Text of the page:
POLITICS
04/20/2020 07:26 EDT | Updated 04/20/2020 07:33 EDT

Allan Gotlieb, Canada's Former Ambassador To The U.S., Dead At 92

The Winnipeg-born public servant was a Companion of the Order of Canada.

Terry Ashe via Getty Images
Allan Gotlieb is photographed at the White House in Washington, D.C., in 1988. Gotlieb was Canada's ambassador to the U.S. from 1981 to 1989.

TORONTO — Allan Gotlieb, a longtime public servant who was Canada’s ambassador to the United States during the Ronald Reagan administration, has died at the age of 92.

A death notice says Gotlieb died of cancer and Parkinson’s disease at his home in Toronto on Saturday.

Born in Winnipeg in 1928, Gotlieb became deputy minister of the department of communications in 1968 and was later named deputy minister of manpower and immigration in the federal government.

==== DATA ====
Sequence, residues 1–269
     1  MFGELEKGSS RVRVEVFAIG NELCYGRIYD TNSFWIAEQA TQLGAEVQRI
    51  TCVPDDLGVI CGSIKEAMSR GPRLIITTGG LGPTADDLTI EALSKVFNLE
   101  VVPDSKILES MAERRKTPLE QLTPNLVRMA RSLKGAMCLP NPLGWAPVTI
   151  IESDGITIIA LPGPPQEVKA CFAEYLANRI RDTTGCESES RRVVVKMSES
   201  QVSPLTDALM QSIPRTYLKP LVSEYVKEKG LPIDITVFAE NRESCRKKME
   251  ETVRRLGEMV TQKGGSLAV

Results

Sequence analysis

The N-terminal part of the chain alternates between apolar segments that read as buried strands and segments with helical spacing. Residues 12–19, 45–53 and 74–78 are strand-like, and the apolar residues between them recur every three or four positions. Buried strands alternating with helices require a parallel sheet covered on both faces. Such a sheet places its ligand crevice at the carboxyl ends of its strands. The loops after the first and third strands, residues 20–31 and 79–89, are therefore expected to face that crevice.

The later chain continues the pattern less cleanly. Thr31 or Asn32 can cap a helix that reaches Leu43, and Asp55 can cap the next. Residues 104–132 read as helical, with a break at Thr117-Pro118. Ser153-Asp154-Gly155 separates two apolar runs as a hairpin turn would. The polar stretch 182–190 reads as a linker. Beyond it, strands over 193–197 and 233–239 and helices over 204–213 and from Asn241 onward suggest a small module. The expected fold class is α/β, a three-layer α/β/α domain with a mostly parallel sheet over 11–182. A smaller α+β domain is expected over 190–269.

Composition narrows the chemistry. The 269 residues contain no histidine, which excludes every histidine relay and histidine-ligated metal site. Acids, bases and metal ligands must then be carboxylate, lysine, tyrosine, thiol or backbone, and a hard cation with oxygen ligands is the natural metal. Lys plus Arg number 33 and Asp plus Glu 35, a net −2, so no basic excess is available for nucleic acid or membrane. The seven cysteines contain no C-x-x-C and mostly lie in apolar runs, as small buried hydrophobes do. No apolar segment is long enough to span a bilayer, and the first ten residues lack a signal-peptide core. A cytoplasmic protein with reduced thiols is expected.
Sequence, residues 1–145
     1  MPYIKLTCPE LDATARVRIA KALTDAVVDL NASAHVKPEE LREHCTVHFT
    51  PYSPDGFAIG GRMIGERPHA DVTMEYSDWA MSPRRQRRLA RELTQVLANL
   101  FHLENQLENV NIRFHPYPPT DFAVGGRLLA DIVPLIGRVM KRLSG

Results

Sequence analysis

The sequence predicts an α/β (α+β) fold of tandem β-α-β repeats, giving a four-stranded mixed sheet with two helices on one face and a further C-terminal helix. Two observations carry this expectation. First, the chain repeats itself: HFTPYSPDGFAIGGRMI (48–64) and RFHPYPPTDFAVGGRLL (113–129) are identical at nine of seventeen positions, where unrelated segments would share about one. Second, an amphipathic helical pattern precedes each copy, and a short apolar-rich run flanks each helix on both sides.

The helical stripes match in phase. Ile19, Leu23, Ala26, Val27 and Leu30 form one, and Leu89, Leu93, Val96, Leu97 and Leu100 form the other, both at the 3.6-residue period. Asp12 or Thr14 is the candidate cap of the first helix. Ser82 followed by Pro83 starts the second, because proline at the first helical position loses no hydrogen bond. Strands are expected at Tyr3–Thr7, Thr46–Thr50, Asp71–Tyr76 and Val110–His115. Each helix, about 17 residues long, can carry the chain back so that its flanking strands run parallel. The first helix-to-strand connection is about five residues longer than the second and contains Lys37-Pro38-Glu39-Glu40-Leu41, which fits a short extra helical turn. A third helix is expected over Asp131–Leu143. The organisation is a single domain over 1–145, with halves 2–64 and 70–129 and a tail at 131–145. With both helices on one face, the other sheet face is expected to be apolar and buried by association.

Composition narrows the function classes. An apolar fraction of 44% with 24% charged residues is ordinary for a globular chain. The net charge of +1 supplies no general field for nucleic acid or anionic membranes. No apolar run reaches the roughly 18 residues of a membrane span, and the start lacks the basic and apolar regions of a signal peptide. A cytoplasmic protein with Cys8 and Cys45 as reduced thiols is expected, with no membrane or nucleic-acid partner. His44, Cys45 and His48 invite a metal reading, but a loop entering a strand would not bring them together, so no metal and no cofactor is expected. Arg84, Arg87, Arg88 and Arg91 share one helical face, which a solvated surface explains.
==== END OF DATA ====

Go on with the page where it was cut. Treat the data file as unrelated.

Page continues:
He became Canada’s ambassador to the United States in 1981 and held the position throughout Ronald Reagan’s administration, which ended in 1989.

Gotlieb penned five books, including “The Washington Diaries,” recounting his time in the U.S. capital. 

He received the Outstanding Achievement Award for public service from the government of Canada and was named a Companion of the Order of Canada.

Gotlieb is survived by his sister, Judith Shotten, his daughter, Rachel and son, Marc, along with six grandchildren. He is predeceased by his daughter, Rebecca.

This report by The Canadian Press was first published on April 20, 2020.

With files from HuffPost Canada

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